19th January 2016
Goeie dag (Afrikaans)

A huge welcome to our new subscribers with 2016 seeing a sharp rise in new joiners.  Several of you have requested sight of earlier mailers. available here.

The new year brings with it Home Office proposing to increase family visa application fees by a further 25%.  A table showing how the fees for spouse and ADR applications have evolved over the last few years is on our website.

From entry to ILR, non-EU spouses will pay around £8,000, though if the HO is able to charge the maximum proposed, it would be over £14,000.  The costs will be higher for those on the 10 year route to ILR, re-applying, appealing a refusal and indeed, if they've already paid to enter the UK earlier. 

Free movement looks increasingly attractive as, for the moment at least, applications made under EEA regulations have been spared the exorbitant fee increase.

Cameron yesterday announced that much of a £20m fund will be directed towards English lessons for Muslim women and that Muslim women who don't pass the test will be deported.  Sigh.  Here we go again.

Cameron is part of the government which drastically cut the funding available for English lessons across the country.  At a time when he cites wanting to promote integration as the reason for divisive immigration rules, preventing learning of English feels much like an own goal.  To now announce that some money (much less than was taken away) will be used to help women of a certain religion is actually causing further divisions and from the comments - even from people who have experienced the underhandedness of this government first hand - stoking resentment towards people of a religion who did not ask for 'special' treatment.

The requirement to pass an English test has been in place for years - it's not new.  However by saying Muslim women who don't pass the test will be deported, what Cameron neglects to mention is that ALL who are required to sit the test but don't pass it, may be deported - whatever their gender or religion.  This includes all spouses from non-EU countries here on family visas.  Again, nothing new, but likely a reinforcing and tightening of the rules following the Supreme Court decision that a pre-entry test was legal. 

The only change appears to be in the level of the English test required to be passed at the 2.5 year period when the spouse visa is extended....what used to be a pass at Level A1 may now be Level A2.  It's all clear as mud right now, but expect some clarity over the next few weeks, following which no doubt the government will change the requirements yet again.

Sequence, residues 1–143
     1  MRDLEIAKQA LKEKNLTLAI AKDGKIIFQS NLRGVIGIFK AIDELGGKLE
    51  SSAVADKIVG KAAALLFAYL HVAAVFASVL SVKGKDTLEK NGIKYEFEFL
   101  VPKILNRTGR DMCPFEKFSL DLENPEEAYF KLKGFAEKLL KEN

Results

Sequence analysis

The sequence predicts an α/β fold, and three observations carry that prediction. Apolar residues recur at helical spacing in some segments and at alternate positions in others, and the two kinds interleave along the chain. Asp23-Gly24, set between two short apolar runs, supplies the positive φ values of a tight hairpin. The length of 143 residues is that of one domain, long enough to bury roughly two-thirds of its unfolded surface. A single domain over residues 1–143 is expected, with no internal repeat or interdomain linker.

A social media comment on this issue by a British citizen suggested that at this rate the UK government will require foreigners to speak better English than locals.  A joke, but perhaps with some underlying truth to it.

After being granted permission on the paper, we now wait for the Home Office to file their "Detailed Grounds of Defence", which includes any evidence they intend to rely on to counter our grounds.  They are supposed to do this by 25 January but it's unlikely Home Office will comply with this deadline.  Once they eventually do, we then get a chance to respond to the material they produce and then comes the hearing at the High Court.

You can still donate and for those who have made pledges, this is now a good time to come good on the pledges please.  An update on the legal challenge is located here

Do share with friends, family and colleagues who may still not realise the rules are now framed to prevent our being able to look after elderly relatives and indeed, may force British citizens to leave the UK.

From this week, Home Office indicates those who have applied from outside UK must use the online system for any queries relating to the BRP, such as errors or loss of the document.  Email addresses will not be in use from next month.

With no info seen on changes where the application has been made in the UK, assume no change or perhaps to be safe, also refer to the online system.

Advance notice for the booking of cheaper coach and train tickets - the #MMcase is scheduled to be heard at the Supreme Court on 22nd-24th February. 

If you can make it to London for the hearing, please do attend - seeing the public interest may have an impact on judges who otherwise can only really make a judgment based on the arguments and evidence presented. 

After the death of her father and brother, British citizen Dina naturally is concerned about her mother living alone in Russia.  What would you want in her shoes? Have mum move to the UK to be closer to you, or as the HO would have it, either abandon mum or leave the UK yourself?


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